The Hollywood veteran is convinced British actors take their training more seriously than Americans, while male Australian stars outshine their U.S. rivals with their "masculinity", and they are landing the most coveted roles in the industry.

He tells Britain's The Independent newspaper, "There's something going on with young American actors - both men and women - because the Brits and Australians are taking many of the best American roles from them... In Britain they take their training seriously while in the States we're going through a sort of social media image conscious thing rather than formal training. Many actors are getting caught up in this image thing which is going on to affect their range. With the Aussies, particularly with the males, it's the masculinity. In the U.S. we have this relatively asexual or unisex area with sensitive young men and we don't have many Channing Tatums or Chris Pratts, while the Aussies do. It's a phenomena...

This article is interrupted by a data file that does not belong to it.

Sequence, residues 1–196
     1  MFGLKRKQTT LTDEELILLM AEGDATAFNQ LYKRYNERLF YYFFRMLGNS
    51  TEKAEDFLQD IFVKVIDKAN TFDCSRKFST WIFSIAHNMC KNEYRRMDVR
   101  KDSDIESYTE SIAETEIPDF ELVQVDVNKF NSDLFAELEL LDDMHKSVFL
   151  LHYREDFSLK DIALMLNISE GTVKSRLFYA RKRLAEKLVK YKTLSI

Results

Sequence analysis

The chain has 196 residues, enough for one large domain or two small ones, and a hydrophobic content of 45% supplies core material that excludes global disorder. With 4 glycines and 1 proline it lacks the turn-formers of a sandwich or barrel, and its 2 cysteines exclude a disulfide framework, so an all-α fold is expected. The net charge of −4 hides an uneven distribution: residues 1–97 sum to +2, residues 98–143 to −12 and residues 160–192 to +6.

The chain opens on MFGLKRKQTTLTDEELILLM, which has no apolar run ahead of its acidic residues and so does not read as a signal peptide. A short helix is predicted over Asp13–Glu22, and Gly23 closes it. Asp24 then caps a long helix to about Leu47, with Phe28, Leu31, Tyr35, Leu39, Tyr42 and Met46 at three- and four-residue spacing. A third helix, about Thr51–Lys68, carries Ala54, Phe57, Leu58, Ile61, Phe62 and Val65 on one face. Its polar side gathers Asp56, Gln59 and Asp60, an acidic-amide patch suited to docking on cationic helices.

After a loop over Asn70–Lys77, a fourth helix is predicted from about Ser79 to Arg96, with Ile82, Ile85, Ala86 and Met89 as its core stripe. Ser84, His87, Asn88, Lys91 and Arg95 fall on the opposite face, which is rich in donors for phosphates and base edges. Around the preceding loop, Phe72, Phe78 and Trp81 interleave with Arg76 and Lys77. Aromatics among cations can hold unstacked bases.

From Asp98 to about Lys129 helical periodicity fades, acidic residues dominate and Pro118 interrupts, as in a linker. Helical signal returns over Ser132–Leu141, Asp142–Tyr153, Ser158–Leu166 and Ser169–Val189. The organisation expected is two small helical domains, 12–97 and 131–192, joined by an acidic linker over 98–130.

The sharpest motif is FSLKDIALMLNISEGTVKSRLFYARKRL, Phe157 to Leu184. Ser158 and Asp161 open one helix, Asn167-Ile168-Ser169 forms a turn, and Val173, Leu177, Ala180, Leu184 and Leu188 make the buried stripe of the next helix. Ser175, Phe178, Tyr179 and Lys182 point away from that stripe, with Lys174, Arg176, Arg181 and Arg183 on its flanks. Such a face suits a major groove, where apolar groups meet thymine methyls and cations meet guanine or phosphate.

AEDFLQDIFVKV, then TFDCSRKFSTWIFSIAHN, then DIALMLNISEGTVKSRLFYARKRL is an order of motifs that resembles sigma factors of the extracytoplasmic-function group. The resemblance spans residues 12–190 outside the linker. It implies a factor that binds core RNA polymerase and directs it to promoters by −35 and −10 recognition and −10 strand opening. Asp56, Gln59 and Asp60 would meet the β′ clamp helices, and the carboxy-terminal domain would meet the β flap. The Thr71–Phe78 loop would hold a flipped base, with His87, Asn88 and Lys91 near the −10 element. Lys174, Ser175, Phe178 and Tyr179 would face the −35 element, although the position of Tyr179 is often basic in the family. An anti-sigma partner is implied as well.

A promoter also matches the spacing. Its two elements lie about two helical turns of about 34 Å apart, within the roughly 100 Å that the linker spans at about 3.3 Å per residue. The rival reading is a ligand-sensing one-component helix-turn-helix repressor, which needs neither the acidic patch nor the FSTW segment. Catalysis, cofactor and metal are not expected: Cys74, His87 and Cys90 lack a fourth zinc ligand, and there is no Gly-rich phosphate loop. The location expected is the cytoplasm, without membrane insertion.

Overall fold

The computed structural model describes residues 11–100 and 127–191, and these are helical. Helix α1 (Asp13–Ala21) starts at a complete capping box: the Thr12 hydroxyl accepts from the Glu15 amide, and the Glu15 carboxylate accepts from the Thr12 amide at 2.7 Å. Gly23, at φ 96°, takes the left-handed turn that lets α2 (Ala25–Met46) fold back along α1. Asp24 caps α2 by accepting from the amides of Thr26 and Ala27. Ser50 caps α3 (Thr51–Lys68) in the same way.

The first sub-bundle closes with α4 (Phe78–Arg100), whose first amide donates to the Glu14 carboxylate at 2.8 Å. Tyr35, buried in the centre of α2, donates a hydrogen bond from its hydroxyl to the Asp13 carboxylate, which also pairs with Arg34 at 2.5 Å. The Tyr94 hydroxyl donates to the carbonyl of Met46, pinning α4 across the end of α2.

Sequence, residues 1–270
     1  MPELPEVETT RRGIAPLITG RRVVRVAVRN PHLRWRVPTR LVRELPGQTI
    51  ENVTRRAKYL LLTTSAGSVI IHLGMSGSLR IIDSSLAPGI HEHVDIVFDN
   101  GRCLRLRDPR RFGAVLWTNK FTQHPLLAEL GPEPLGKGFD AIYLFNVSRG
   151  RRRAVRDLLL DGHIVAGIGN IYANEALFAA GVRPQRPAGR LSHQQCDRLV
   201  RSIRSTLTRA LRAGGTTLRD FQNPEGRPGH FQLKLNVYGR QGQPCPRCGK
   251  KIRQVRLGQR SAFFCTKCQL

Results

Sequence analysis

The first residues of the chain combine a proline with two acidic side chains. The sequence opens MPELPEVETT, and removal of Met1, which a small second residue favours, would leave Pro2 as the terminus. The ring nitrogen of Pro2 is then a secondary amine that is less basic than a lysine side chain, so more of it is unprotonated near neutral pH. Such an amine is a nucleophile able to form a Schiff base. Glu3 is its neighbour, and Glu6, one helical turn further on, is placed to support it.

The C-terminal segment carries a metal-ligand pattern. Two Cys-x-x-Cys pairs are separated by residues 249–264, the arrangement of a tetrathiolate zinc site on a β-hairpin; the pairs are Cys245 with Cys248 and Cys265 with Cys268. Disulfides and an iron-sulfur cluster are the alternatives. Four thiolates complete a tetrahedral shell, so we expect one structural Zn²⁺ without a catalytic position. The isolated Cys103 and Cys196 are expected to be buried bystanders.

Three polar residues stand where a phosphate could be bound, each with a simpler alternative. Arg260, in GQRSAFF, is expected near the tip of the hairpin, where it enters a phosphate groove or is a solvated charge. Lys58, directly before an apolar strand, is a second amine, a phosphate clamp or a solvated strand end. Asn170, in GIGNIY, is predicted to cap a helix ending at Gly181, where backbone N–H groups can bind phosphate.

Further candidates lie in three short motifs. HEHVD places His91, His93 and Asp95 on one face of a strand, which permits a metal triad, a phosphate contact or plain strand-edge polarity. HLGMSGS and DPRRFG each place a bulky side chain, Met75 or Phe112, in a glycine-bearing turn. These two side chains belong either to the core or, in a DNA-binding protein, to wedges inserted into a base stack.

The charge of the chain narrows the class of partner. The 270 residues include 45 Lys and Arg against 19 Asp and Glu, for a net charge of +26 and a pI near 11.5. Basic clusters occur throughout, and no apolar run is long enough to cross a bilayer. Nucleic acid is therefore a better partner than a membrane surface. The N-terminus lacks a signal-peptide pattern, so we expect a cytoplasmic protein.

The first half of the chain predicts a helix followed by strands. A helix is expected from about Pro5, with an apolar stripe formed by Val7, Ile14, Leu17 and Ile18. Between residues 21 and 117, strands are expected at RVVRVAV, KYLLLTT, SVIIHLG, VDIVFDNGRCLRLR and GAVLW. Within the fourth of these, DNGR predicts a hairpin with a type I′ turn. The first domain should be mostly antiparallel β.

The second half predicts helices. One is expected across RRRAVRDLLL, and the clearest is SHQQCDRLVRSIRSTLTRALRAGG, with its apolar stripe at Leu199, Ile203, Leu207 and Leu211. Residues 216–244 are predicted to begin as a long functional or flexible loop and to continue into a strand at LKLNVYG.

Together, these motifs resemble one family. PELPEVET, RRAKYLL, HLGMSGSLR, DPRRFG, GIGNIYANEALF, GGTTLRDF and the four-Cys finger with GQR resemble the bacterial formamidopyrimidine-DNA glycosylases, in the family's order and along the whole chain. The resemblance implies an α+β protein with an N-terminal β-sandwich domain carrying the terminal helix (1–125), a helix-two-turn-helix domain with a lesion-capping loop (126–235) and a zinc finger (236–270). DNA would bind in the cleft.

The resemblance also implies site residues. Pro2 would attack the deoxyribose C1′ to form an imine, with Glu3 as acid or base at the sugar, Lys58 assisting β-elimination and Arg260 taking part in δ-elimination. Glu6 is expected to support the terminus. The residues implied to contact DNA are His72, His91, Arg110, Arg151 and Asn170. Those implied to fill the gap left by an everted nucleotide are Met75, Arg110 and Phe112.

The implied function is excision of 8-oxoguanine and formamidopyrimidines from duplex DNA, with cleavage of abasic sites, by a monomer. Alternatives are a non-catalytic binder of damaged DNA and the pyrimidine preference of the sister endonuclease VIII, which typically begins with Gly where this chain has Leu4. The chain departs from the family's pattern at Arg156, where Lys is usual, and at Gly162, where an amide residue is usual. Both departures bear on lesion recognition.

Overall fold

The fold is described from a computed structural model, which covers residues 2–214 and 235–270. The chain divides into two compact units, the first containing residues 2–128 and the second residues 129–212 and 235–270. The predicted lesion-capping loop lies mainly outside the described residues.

"There's a crisis in young American actors right now. Everyone's much more image conscious than they are about actually playing the part."

Douglas' comments come after young British actor Tom Holland was cast as iconic U.S. comic book hero Spider-Man, seeing off competition from a number of American rivals, while his predecessor was another Brit - Andrew Garfield. Hollywood's current Superman, Henry Cavill, also hails from the U.K. along with former Batman Christian Bale.